"Leveraging American investment and innovation toward the technologies of tomorrow will create jobs, drive growth, and strengthen U.S. competitiveness," the letter said. "Near-term climate actions can contribute significantly to our economic recovery."

Finally, it said the new administration and new Congress provides an opportunity to seize the moment on climate change goals.

Notably, the letter does not provide any specific pledges or concrete steps from these companies on climate change, but does signal support from the business world for ambitious climate policy actions.

The move comes just after the Trump administration officially withdrew the U.S. from the international Paris Agreement last month. The accord is a collective agreement among nearly 200 countries that aims to prevent the earth's temperatures from rising 2 degrees Celsius above pre-industrial revolution temperatures, the value that climate scientists have determined will have disastrous consequences if exceeded.

The private sector has faced renewed pressure to tackle climate change issues head-on, and many companies have unveiled ambitious goals to do so in response to consumer demands.

The business leaders argued that meeting climate goals requires sustained leadership and support from Washington, D.C.

Biden has previously said that he will recommit the U.S. to the Paris Agreement.

Copyright © 2020, ABC Audio. All rights reserved.



(NEW YORK) -- Cloud computing giant Salesforce said it will acquire workplace messaging service Slack in a deal valued at $27.7 billion.

Salesforce announced the deal on Tuesday, saying that under the terms of the agreement, Slack shareholders will receive $26.79 in cash and 0.0776 shares of Salesforce common stock for each Slack share. The deal is subject to shareholder approval and expected to close in the second quarter of Salesforce's fiscal year 2022.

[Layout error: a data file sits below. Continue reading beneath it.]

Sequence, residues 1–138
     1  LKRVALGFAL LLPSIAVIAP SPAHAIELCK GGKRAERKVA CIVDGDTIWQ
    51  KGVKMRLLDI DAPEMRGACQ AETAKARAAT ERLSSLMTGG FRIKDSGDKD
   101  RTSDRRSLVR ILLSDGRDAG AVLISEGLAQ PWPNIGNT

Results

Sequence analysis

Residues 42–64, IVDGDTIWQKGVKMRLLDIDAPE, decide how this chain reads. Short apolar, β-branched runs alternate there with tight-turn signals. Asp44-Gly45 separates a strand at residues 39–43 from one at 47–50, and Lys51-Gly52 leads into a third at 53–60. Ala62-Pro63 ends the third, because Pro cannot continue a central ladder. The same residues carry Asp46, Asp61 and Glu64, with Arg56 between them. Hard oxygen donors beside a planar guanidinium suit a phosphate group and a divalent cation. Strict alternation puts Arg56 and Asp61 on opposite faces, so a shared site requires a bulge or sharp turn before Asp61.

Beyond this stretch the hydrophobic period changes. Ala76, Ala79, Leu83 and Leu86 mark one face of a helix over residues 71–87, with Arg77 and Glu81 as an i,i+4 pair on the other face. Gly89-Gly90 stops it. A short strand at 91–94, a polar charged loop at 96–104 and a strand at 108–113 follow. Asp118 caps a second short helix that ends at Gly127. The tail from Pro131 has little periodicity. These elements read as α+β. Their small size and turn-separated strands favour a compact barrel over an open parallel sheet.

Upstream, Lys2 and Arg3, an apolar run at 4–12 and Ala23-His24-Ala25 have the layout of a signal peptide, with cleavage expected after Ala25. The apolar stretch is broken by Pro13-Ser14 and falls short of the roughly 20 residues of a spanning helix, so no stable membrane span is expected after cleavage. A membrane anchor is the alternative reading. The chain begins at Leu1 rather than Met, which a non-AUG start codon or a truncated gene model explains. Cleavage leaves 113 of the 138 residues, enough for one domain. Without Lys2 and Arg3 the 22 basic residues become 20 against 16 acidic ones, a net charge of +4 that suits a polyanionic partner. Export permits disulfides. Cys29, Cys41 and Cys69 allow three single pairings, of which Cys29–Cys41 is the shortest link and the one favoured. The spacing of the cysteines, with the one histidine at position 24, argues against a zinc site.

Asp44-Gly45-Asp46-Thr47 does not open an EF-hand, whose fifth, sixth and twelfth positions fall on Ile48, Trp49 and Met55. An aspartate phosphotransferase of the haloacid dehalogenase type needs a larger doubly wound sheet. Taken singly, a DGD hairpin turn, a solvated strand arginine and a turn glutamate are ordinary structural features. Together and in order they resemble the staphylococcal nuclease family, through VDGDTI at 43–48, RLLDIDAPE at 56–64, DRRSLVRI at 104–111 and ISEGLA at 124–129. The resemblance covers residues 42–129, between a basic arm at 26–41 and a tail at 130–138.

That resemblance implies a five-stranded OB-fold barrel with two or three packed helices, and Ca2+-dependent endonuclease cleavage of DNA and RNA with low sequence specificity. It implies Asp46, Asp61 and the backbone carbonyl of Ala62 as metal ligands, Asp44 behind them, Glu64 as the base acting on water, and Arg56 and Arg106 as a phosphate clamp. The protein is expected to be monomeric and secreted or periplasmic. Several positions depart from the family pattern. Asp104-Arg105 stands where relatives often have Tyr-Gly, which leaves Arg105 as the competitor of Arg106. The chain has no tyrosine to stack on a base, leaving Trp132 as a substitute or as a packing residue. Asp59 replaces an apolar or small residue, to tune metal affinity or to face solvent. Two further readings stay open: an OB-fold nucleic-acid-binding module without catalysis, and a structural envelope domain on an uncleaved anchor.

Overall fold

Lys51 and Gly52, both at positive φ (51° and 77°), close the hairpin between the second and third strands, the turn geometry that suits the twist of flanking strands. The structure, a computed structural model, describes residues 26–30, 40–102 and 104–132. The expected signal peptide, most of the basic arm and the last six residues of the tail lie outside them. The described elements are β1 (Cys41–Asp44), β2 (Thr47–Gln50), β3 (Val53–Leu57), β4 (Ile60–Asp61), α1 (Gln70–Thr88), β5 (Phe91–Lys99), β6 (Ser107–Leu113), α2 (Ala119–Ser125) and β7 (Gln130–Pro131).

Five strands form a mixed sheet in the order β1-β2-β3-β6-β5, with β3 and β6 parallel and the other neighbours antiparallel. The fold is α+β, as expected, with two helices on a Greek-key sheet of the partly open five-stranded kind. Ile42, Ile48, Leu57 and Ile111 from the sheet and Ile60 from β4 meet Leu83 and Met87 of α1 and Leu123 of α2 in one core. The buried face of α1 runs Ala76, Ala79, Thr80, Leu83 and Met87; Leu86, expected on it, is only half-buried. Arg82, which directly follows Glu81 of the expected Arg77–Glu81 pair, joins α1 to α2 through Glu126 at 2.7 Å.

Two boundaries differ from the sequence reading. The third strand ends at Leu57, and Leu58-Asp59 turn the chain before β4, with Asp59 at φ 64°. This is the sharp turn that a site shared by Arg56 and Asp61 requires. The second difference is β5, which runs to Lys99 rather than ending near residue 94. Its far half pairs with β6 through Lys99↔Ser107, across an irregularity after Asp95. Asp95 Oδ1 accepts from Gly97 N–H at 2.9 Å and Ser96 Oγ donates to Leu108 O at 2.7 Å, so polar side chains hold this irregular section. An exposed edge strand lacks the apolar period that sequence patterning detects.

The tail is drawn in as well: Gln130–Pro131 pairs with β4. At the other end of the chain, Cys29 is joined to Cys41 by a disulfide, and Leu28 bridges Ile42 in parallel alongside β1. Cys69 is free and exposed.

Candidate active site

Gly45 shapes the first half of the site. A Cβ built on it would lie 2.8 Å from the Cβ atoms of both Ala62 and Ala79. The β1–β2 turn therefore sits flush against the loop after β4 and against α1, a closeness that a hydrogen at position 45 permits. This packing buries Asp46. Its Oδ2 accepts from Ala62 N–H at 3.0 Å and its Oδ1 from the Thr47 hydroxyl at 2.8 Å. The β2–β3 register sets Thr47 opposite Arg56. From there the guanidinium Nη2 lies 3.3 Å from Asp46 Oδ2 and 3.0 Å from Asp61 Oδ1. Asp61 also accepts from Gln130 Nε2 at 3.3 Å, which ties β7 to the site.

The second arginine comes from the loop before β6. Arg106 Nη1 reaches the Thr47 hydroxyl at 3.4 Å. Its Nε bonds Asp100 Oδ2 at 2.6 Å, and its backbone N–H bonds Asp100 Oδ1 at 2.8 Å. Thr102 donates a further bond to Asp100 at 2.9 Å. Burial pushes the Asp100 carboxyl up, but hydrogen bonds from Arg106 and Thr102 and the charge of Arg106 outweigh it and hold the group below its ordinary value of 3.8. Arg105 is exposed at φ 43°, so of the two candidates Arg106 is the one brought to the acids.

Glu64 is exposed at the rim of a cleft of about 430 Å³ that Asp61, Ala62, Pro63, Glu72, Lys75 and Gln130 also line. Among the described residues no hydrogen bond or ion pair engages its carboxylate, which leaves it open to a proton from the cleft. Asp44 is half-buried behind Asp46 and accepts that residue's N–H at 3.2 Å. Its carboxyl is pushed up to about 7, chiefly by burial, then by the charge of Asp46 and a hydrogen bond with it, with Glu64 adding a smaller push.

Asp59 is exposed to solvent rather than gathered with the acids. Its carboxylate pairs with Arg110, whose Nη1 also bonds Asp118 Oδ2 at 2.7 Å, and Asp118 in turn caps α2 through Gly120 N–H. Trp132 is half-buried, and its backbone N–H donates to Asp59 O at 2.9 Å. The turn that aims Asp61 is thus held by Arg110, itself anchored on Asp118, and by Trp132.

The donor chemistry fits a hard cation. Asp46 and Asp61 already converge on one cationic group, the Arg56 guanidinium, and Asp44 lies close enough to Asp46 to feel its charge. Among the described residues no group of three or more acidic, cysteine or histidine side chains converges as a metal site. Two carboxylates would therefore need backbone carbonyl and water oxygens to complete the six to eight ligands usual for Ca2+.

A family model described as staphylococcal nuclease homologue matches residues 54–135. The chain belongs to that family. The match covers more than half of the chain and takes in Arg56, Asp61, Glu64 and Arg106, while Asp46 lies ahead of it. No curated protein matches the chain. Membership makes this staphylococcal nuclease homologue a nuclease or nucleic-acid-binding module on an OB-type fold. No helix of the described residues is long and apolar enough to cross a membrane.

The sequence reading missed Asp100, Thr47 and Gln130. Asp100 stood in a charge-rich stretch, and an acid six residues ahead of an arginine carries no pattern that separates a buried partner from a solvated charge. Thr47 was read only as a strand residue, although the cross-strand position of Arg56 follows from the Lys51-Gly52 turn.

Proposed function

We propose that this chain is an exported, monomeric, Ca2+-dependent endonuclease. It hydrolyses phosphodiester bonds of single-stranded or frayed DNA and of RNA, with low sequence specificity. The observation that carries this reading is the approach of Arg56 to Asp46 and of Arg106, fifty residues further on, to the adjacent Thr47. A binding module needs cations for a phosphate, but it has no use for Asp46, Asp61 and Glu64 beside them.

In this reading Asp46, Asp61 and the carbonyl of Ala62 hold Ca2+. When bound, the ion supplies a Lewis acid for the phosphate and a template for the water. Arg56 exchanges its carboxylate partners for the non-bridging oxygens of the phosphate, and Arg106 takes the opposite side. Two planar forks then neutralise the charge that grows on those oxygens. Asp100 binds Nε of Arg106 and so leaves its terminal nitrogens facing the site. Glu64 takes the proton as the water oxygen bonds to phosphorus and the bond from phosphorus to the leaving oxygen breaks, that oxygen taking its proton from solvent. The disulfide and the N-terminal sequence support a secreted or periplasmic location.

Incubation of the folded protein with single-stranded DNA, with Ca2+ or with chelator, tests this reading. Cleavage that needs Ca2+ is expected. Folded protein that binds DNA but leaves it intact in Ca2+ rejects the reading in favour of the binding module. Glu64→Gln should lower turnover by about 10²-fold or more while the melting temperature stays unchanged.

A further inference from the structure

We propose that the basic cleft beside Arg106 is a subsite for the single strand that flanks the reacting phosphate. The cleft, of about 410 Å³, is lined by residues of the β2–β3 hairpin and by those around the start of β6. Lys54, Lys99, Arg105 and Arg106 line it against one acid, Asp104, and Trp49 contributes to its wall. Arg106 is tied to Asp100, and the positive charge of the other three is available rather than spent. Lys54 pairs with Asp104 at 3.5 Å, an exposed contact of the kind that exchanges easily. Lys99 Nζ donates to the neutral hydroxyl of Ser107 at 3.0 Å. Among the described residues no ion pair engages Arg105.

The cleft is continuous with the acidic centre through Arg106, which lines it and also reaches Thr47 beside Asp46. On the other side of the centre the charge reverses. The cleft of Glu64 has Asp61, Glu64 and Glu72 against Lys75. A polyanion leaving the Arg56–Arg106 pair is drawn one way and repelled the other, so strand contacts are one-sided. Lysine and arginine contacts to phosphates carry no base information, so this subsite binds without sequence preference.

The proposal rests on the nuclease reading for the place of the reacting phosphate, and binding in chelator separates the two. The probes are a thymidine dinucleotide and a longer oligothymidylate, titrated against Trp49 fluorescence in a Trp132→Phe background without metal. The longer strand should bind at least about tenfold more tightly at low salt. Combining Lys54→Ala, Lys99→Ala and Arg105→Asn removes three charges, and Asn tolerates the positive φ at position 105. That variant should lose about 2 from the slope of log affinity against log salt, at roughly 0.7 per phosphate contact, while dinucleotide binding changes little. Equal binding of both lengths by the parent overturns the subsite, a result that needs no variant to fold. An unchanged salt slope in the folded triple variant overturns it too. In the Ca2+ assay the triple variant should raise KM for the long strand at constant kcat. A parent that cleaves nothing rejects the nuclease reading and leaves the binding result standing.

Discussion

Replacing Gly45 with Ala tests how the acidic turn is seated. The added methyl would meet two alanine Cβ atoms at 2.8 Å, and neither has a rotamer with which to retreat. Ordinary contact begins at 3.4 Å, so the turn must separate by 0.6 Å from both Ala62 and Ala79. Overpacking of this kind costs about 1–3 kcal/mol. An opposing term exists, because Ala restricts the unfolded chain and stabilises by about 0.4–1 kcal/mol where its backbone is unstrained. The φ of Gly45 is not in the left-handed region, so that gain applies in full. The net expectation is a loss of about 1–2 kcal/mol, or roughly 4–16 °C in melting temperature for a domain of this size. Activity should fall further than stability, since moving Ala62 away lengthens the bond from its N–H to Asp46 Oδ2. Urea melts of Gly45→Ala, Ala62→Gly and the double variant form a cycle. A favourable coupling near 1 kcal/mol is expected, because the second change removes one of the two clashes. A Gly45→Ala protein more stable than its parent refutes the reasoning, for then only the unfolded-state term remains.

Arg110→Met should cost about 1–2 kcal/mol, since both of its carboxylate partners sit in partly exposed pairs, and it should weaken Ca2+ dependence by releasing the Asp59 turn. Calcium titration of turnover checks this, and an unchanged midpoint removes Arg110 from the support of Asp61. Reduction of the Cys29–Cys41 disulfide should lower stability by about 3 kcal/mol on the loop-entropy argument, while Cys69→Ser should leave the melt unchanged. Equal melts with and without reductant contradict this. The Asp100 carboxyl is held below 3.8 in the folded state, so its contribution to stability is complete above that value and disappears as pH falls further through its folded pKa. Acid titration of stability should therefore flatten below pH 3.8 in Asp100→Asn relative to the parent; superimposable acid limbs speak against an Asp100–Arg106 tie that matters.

Salesforce shares slipped Wednesday, falling 10% in early trading as Slack slipped by about 3%.

The move comes as the pandemic has accelerated demand for remote work and workplace management software, and signals that some believe that workforce shifts could become permanent.

Salesforce CEO Marc Benioff called it a "match made in heaven."

"Together, Salesforce and Slack will shape the future of enterprise software and transform the way everyone works in the all-digital, work-from-anywhere world," Benioff said in a statement.

Slack CEO Stewart Butterfield added that "the opportunity we see together is massive," calling the deal "the most strategic combination in the history of software."

"As software plays a more and more critical role in the performance of every organization, we share a vision of reduced complexity, increased power and flexibility, and ultimately a greater degree of alignment and organizational agility," Butterfield said.

Saleforce said Slack will be "deeply integrated into every Salesforce Cloud" and become the new interface for Salesforce Customer 360. When combined, Salesforce and Slack will "create the most extensive open ecosystem of apps and workflows for business and empower millions of developers to build the next generation of apps, with clicks not code," according to the companies.